Richard Mauer's lead article in today's ADN ("Tea Party goes after Senate coalition") reports on efforts by the Tea Party and others to defeat incumbent Republican State Senators who, they believe, have contributed to the approaching Alaska fiscal crisis by joining the so-called Bipartisan Senate Coalition over the last two legislative sessions.
If that accurately reports on the intention of the various Tea Party groups, they are focusing on only half the problem. While the Senate has been problematic in achieving oil tax reform, the House also has been culpable on fiscal issues. As discussed elsewhere on these pages (see Alaska Fiscal Policy| Where We Have Gone Wrong), according to the University of Alaska's Institute of Social and Economic Research, the current "maximum sustainable" level of state spending from the General Fund -- the level that can be sustained indefinitely into the future even after oil runs out -- is roughly $5.35 Billion. Money spent above that level is essentially coming from future Alaskans, by reducing the amount of the "nest egg" on which future Alaskan's will be able to rely.
To put it another way, if the current generation of Alaskans choose to spend $6 Billion for a few years, then future Alaskans will have only $4 Billion available to them once oil production declines. The longer current Alaskans spend at rates above the current sustainable level, the less future Alaskans -- the current generation once it reaches retirement, our children and our grandchildren -- will have available to sustain them.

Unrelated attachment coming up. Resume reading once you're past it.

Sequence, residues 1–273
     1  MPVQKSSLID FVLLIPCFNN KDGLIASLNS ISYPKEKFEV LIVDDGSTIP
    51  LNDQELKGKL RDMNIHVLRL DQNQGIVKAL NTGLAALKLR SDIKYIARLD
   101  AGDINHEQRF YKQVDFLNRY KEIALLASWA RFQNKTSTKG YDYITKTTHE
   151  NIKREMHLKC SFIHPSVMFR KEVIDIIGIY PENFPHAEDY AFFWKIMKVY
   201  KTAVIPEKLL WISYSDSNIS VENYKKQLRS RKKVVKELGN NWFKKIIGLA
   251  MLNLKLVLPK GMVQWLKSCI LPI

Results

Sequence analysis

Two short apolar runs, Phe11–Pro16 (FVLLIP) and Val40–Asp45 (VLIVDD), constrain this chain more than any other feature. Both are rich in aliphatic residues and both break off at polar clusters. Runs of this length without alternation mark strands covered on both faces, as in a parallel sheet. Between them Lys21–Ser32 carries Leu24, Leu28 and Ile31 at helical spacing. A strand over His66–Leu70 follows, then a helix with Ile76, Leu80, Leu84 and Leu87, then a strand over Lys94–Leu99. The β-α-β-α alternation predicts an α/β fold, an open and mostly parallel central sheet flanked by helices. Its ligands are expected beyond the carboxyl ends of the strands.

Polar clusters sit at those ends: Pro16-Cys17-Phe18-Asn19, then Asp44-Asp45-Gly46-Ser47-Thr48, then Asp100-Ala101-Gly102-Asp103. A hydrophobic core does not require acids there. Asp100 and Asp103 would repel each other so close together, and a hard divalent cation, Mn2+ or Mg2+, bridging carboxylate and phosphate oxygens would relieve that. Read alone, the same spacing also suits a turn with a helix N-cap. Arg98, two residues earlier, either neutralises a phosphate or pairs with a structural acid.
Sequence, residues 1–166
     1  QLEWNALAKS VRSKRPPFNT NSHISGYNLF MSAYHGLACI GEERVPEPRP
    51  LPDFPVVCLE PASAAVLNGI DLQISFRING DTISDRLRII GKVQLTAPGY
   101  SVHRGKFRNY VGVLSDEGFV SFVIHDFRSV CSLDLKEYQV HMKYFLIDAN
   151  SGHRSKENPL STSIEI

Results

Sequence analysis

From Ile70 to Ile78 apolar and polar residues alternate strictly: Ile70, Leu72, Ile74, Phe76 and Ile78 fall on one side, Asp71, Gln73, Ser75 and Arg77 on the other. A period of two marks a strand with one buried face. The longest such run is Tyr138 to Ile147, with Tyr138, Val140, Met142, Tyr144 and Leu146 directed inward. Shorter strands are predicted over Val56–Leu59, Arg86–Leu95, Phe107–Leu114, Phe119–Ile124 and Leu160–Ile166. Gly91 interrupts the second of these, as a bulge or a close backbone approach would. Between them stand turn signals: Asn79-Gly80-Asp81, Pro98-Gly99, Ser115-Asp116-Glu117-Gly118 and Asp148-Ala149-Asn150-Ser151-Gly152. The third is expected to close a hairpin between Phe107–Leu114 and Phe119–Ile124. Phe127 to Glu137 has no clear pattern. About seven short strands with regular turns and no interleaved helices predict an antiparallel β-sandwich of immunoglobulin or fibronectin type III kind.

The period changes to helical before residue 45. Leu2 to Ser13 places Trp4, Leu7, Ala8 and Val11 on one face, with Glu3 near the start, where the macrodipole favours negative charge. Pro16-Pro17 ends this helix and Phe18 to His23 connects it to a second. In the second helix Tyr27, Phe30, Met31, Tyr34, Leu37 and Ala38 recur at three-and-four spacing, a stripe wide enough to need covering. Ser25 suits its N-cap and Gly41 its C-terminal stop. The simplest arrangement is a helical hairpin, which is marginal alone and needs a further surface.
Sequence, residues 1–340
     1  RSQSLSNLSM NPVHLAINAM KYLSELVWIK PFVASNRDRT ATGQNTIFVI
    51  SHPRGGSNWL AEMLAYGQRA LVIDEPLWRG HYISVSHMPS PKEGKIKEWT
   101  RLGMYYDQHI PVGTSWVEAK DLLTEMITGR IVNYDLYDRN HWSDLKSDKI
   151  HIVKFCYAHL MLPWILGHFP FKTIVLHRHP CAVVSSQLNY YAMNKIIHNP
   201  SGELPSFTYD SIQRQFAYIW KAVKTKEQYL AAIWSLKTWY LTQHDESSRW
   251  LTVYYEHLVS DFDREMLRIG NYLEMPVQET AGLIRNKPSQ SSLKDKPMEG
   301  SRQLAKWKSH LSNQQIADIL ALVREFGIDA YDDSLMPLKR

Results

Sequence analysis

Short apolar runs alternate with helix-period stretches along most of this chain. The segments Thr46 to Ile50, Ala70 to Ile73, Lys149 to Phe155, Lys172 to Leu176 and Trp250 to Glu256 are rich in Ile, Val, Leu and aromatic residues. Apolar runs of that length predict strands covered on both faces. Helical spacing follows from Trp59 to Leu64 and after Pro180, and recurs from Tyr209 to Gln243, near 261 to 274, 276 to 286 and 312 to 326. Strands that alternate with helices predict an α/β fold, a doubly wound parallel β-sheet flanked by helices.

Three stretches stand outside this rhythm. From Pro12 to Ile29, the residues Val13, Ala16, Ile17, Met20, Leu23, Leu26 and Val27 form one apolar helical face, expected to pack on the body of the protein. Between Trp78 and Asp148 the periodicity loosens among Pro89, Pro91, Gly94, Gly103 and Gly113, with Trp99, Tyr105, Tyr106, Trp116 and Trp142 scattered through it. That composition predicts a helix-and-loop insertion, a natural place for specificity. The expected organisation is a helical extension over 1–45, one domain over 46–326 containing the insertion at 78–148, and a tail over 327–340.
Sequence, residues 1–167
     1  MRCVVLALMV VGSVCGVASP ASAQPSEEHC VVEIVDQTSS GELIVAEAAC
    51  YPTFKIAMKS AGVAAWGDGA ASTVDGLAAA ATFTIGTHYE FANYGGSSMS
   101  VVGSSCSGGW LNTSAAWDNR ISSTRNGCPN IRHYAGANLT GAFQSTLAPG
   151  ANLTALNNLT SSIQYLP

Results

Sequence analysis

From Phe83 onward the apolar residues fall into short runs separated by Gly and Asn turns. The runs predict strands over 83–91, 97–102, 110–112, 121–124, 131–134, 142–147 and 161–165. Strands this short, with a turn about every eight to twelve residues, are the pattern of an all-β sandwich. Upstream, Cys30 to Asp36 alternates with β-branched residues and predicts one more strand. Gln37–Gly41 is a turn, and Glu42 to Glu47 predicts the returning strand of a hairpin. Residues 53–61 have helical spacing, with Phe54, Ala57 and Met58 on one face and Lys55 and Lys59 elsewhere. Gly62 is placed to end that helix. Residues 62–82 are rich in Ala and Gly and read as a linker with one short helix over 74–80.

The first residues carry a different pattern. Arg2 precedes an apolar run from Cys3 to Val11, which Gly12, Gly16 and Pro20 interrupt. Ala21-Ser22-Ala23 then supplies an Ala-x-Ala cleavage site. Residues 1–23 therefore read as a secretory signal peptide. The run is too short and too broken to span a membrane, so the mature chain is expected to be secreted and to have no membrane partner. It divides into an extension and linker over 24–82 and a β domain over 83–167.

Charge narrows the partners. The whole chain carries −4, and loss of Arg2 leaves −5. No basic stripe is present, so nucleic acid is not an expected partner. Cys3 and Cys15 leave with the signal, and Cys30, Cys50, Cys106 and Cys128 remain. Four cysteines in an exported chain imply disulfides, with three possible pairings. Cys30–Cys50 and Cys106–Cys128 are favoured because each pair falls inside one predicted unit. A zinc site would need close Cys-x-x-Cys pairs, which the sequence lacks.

For those that think the Senate alone is creating this problem, its time to think again. For this fiscal year, the state's Operating Budget, which originates in the House, is $5.67 Billion, an amount which alone exceeds the "maximum sustainable" spending levels identified by ISER. Based on a continuation of the programs approved in recent budgets, the state Office of Management & Budget estimates in its "Baseline" Budget -- before "initiatives" -- that the Operating Budget will grow to $6 Billion in five years, and $6.7 Billion in ten.
And, its not like the House hasn't added to the size of the Capital Budget. The House was the source of the $2.5 million (reduced to $2 million by the Governor) included in the 2011 Capital Budget that is funding the "Great Alaska Shootout Ticket Spree." In a lesser reported story, the House also was the source of an additional $17 million appropriation to the UAA Sports Arena made in the final days of the 2011 session, that resulted in an overall appropriation of an additional $34 million to the Arena, rather than the $17 million initially approved by the Senate.
Clearly, there are "FINO's" (Fiscal conservatives In Name Only) in the Senate. The same problem, however, exists also in the House. The light should shine evenly on both.